The Early Career Award (1st or 2nd year) is designated for excellence in academics, research, and/or outreach and is selected by the Graduate Operations Committee. The winner receives a small gift and a certificate. Mélise Edwards (working with advisor Agnes Lacreuse) and Kate Otter (working with advisor Paul Katz) were commended for their outstanding accomplishments in research, academic success, and outreach supporting diversity and inclusion in STEM and academia. Erika Correll received honorable mention.
First year PhD student Mélise Edwards created the website MUSEmentorship.com (Mentorship for Under-represented STEM Enthusiasts), which aims to provide representation and mentorship to groups in STEM. M.U.S.E. hopes to provide the opportunity for students to see themselves reflected in their fields, receive mentorship from someone who shares their underrepresented identities, and provide tools for success in STEM. The website currently lists 28 mentors across the US spanning a variety of STEM fields and offers mentorship to STEM students in English and Spanish. The website also features monthly interviews with diverse STEM professionals, funding opportunities for students, STEM terminology and other resources for students. Mentors partner with students to navigate applying to college and graduate school and share advice on a wide range of topics. In the last month alone there were over 100 requests for mentorship. The Board of Directors, which includes NSB students Erika Correll, Annabelle Flores-Bonilla and NSB alumni John Hernandez, is working on a long list of projects including navigating nonprofit status and setting up a scholarship fund for underrepresented students in STEM. If you would like to apply to be a mentor, you can email firstname.lastname@example.org. To stay updated with M.U.S.E., follow along on Twitter or Instagram at @musementorship.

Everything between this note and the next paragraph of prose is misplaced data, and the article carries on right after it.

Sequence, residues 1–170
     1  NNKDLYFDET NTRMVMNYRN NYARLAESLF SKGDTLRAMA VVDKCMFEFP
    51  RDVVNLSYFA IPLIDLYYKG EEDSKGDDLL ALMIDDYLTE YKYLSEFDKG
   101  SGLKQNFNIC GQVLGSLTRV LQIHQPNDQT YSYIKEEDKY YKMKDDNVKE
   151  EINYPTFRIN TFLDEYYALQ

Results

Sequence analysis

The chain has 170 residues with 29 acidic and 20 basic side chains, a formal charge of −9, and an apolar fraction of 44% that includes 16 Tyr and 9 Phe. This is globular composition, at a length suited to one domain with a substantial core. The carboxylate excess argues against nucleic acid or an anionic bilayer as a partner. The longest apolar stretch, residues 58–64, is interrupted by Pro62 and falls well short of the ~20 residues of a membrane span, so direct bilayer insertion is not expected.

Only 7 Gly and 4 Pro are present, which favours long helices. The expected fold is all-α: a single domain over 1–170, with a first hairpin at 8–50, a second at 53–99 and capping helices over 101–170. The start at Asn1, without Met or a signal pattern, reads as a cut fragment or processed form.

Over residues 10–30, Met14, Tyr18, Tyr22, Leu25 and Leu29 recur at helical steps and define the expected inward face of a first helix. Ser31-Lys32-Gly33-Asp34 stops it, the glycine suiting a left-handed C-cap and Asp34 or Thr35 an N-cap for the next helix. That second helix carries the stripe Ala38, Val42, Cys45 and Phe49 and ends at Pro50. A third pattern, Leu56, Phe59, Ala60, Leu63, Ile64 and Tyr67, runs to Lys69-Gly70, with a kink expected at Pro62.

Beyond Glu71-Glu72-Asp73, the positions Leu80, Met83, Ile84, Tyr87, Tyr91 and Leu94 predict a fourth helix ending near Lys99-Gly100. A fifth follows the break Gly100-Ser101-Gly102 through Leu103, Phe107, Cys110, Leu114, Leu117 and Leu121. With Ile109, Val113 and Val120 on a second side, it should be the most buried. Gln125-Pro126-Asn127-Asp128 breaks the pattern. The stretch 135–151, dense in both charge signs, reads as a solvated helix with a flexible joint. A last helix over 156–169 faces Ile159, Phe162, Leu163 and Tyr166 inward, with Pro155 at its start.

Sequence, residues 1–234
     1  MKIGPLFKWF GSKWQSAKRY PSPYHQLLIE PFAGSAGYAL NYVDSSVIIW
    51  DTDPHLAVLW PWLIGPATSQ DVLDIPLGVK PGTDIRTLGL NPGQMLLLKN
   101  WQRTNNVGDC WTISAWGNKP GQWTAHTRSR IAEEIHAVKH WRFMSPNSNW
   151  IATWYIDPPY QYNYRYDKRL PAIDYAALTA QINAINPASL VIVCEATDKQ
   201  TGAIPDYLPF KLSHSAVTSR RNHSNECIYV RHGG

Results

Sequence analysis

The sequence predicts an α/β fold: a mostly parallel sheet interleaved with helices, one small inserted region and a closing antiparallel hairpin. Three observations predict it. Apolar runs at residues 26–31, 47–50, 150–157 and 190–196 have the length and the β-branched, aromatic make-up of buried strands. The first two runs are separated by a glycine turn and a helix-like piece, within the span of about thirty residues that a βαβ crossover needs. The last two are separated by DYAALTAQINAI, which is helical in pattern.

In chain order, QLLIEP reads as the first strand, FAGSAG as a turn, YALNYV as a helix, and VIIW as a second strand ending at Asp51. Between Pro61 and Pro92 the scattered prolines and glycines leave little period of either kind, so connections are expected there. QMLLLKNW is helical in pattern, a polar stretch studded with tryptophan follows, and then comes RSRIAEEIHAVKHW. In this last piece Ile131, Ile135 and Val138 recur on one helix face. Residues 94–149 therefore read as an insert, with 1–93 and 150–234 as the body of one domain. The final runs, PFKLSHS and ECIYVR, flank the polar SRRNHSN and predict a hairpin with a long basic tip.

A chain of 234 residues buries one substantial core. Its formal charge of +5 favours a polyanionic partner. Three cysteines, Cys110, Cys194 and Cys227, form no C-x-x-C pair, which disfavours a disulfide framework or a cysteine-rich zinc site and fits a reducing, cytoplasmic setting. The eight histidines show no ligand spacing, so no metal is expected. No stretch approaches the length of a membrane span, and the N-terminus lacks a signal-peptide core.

Kate Otter, a second year NSB PhD student created the Socially Just Science (SJS) discussion group in the Fall of 2019 as an opportunity for her to share information she learned in her coursework for the Social Justice Education graduate certificate. With support from NSB graduate students, post-docs and faculty, the SJS group became a monthly facilitated discussion where topics bridging social justice and science have been discussed. Group members have the opportunity to bring in topics they want to discuss and the opportunity to learn about facilitating dialog. Some topics covered this year include: Eugenic Basis of Modern Neuroscience, LGBTQ+ Inclusive Biology Teaching, and Indigenous Knowledge in Science. They have also begun to work together to compile resources to share to the NSB community that reflect the group’s discussion, such as Inclusive Teaching Tips and Indigenous Knowledge resources for teaching science. This month the SJS group hosted their first guest speakers from outside the UMass community to join in the discussion and plans to host others. The SJS discussion group provides a safe space for scientists to explore what it means to practice socially just science, and will continue meeting in the fall. If you are interested in being added to the contact list, look out for a solicitation for Fall 2020 this summer or contact Kate.